PRO TIP: Want to make sure your dog absorbs vitamin A when eating carrots? Add half a teaspoon of vegetable oil when serving. Vitamin A is a fat-soluble vitamin and is better absorbed with a little extra oil.

  • Feeds their microbiome: Just like humans, dogs also have a host of microbes in their gut. Having a healthy diversity of good bacteria and microorganisms has been strongly linked to long-term health in dogs and other animals [2]. Carrots have plenty of prebiotic fibre that feeds the good microbes to keep your dog healthy and away from chronic diseases.
  • Lower blood pressure: Fibre is also linked to healthier blood pressure among dogs (and humans). A diet with enough fibre reduces the amount of “bad cholesterol” in the blood. If your dog follows a diet with the recommended fibre intake, they have a lower chance of developing high blood pressure.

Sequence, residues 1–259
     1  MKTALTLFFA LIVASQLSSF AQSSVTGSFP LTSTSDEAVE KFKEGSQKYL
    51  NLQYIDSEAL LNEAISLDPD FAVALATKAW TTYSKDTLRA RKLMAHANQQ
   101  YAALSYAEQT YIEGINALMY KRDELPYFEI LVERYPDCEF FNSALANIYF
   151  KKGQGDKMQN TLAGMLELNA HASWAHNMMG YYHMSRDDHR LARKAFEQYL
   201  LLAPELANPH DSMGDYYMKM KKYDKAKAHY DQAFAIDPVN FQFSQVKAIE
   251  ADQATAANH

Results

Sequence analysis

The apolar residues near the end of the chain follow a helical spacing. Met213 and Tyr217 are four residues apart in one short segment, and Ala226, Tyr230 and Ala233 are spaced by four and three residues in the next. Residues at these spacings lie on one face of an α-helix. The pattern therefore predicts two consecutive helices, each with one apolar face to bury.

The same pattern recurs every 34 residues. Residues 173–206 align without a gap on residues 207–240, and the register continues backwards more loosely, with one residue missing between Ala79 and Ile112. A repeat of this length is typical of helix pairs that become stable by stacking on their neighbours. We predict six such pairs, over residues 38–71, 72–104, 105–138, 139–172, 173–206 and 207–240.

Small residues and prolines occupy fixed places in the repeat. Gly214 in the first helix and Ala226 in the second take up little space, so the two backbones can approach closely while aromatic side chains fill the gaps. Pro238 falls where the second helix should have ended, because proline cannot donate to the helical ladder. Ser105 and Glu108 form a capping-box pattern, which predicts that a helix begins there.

PRO TIP: If you suspect your dog might have high blood pressure or they have been officially diagnosed, never medicate at home. Even if fibre is beneficial, it will not substitute proper veterinarian care and/or vet-recommended medications!

  • Could lower their chances of getting cancer: Cancer in dogs is a very complex disease, and experts don’t fully understand the causes. Nevertheless, a recent study showed that a compound called falcarinol has strong anti-cancer properties [3]. Carrots are naturally rich in this compound because it protects the plant from fungal disease. In another study done with humans, researchers found that people who consumed extra beta-carotene had a lower risk of colon cancer [4].